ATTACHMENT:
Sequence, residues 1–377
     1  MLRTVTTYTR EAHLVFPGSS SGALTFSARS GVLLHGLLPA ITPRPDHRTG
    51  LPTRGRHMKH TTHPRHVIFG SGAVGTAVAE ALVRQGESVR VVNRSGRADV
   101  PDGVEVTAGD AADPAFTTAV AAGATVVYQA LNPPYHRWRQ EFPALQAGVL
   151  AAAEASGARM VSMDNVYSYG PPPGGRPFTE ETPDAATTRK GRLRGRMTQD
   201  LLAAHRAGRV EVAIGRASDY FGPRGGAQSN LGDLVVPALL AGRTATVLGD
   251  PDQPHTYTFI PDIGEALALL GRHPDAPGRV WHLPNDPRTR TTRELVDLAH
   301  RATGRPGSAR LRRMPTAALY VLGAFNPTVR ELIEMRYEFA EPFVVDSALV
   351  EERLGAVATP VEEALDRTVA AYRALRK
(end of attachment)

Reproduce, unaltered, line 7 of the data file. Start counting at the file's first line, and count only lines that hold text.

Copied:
   251  PDQPHTYTFI PDIGEALALL GRHPDAPGRV WHLPNDPRTR TTRELVDLAH